In this way, a data sheet can be created independently of the specific wavelengths of the light generated by the subpixels. Since there is no need to sort and discard light-emitting semiconductor components which form the pixels or subpixels of the light-emitting device, this is a particularly cost-effective operating method.

In the method described, the dominant wavelengths of each subpixel of all pixels or of some pixels can be used. In particular, if a pixel contains defective subpixels that cause the corner points of the color triangle assigned to the pixel to deviate significantly from the corner points of the color triangles of other pixels, these pixels may not be considered. In other words, in this case it is not the largest inner triangle of all color triangles that is determined but, for example, the largest inner triangle that applies to at least 90% or at least 95%, in particular at least 99%, of the pixels of the light-emitting device.

According to at least one embodiment of the method, the current intensity at which each subpixel is operated depends on entries in the correction matrix. For example, the brightness of the red, green and blue light of a given pixel as specified by the display system is represented as a vector, which is multiplied by the correction matrix. This gives the actual brightness selected for the red, green and blue values of the pixel when displaying the desired color. To determine the current intensity, this vector for the red, green and blue values is multiplied by a characteristic curve that reflects the functional relationship between brightness and current intensity.

According to at least one embodiment of the method, to determine the current intensity at which subpixels are operated, a brightness correction is performed, in which the brightness of the subpixels is normalized to a median value for at least some or all of the pixels. This means that subpixels of a certain color, for example, red subpixels, are operated with a stronger current to produce the same brightness at which other red subpixels produce red light at a lower current. For example, a monochrome image, for example, a monochrome red image, can be determined for certain different current values. This results in a “gray value” for each subpixel and the respective current intensity. The median of all gray values (also median gray value) at a certain current intensity can then be normalized to 1 in a correction table for the subpixels that have this gray value, and in the correction table the values for all other subpixels are set to the quotient of median gray value by measured gray value. This correction table can then again be represented as a matrix with correction values for the red, green and blue subpixels of each pixel.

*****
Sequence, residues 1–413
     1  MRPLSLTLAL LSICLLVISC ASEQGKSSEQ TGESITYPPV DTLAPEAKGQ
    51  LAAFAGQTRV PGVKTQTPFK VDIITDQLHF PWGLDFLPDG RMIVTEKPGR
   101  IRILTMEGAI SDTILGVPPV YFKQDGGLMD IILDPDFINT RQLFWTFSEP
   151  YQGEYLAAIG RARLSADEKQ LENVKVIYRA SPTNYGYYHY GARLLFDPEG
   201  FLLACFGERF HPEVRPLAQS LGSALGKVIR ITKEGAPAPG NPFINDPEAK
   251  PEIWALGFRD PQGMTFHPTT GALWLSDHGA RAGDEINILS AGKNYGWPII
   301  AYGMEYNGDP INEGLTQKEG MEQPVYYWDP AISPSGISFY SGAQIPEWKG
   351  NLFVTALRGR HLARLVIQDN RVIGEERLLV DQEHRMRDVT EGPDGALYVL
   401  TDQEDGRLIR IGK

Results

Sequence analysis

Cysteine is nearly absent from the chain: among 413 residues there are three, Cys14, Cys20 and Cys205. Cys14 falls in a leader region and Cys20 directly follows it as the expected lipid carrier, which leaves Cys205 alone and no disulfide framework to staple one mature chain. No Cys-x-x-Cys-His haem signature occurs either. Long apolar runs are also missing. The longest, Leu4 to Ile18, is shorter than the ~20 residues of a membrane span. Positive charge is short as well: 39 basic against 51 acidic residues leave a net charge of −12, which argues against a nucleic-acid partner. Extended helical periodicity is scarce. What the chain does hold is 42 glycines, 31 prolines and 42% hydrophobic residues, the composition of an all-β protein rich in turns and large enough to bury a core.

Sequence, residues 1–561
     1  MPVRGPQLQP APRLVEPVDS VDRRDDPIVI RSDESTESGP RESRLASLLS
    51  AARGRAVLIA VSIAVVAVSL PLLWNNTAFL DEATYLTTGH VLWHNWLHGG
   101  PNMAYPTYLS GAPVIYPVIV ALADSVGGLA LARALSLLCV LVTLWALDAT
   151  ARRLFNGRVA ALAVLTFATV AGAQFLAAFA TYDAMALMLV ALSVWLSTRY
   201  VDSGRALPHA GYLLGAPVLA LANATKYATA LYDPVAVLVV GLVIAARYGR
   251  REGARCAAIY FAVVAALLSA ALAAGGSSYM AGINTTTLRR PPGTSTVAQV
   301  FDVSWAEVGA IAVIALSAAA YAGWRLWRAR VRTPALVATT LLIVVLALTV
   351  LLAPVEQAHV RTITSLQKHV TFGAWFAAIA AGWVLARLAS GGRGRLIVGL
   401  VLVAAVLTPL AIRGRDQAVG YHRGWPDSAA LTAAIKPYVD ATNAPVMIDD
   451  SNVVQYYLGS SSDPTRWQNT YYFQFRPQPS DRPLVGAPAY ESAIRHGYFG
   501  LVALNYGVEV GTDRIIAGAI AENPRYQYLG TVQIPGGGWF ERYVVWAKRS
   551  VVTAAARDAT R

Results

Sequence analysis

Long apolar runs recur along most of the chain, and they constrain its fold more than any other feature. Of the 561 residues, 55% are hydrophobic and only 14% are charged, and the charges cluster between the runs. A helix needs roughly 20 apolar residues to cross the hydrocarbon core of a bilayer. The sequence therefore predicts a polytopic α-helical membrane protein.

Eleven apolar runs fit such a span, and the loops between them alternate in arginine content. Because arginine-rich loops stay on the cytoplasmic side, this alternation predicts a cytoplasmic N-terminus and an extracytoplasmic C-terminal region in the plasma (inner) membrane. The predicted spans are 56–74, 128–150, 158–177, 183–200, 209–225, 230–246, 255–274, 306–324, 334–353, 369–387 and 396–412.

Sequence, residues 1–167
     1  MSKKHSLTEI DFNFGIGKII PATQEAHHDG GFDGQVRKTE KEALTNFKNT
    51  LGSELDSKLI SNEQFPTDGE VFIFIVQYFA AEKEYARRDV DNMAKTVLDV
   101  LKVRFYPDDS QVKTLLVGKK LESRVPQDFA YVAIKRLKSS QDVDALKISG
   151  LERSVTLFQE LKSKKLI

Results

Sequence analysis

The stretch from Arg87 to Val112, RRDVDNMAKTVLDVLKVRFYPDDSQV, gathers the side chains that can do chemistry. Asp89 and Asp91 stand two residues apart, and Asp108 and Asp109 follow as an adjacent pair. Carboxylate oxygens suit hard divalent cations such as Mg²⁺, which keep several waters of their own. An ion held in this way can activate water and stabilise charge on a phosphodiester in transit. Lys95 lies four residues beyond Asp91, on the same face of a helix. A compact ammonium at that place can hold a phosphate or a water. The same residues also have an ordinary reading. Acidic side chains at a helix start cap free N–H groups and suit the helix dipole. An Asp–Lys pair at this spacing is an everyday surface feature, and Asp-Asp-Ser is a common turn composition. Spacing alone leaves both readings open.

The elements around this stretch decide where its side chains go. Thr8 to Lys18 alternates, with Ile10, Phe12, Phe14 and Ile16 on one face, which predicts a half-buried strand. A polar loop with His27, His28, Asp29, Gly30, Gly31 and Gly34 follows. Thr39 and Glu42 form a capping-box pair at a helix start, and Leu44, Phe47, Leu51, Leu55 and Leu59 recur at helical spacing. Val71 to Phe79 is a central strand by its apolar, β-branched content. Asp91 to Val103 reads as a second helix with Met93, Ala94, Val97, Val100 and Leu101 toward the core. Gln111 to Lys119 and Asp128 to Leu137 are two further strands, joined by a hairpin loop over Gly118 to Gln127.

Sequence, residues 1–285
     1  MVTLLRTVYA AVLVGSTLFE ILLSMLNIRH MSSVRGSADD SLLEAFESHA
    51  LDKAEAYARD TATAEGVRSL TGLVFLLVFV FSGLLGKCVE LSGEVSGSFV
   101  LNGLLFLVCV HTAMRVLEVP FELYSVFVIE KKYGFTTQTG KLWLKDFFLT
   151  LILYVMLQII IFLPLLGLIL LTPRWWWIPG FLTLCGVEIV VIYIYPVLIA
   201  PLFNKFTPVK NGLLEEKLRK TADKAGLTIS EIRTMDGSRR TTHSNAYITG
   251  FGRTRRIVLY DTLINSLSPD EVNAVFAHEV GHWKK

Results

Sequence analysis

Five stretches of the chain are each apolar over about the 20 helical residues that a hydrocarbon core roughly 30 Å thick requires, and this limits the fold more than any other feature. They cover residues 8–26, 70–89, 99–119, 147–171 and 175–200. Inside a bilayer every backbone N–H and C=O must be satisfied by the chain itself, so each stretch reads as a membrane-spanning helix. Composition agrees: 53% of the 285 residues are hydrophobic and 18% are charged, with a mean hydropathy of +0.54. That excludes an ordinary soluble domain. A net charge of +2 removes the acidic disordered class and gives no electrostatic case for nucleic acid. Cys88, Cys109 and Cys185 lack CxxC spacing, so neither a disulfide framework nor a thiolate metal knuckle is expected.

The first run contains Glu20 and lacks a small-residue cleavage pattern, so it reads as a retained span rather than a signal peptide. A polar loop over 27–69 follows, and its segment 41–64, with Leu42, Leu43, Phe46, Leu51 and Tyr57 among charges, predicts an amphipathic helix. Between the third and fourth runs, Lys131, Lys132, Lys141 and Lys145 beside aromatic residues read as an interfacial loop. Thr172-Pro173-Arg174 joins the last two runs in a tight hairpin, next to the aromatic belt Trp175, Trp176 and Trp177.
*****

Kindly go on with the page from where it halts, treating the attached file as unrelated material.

According to at least one embodiment of the method, for at least some of the pixels for each subpixel the number of damaged neighboring subpixels of the same color can be determined and an undamaged subpixel can be operated at a current intensity which is greater the greater the number of its damaged neighboring subpixels of the same color. This means that a red subpixel, for example, has eight neighboring red subpixels, each of which is assigned to a different pixel. If the considered red subpixel is now damaged, the red subpixels arranged around the subpixel can be operated at a higher current intensity to correct the damage of the subpixel.

Whether a subpixel is damaged can be decided according to a predefined criterion. For example, the criterion can be that the subpixel produces at most M % of a certain target power. M can then be 20 or 50, for example. The choice of M depends on the field of application of the light-emitting device. For example, if the light-emitting device is mainly used in a dark environment, a subpixel that only achieves 15% or 20% of the target power can also be considered an undamaged subpixel. In particular, the method makes it possible to distribute the differential power of a subpixel among the neighboring subpixels, i.e., the weaker a subpixel shines, the brighter the neighboring subpixels are operated in order to compensate for the damage to the subpixel.

BRIEF DESCRIPTION OF THE DRAWINGS

In the following, the method described here is explained in more detail using exemplary embodiments and the corresponding figures.

FIG. 1 shows a schematic top view of a light-emitting device which is operated according to an exemplary embodiment of a method;

FIG. 2 shows a graphical representation to illustrate an exemplary embodiment of a method;

FIG. 3 shows a method for operating a light-emitting device according to an embodiment; and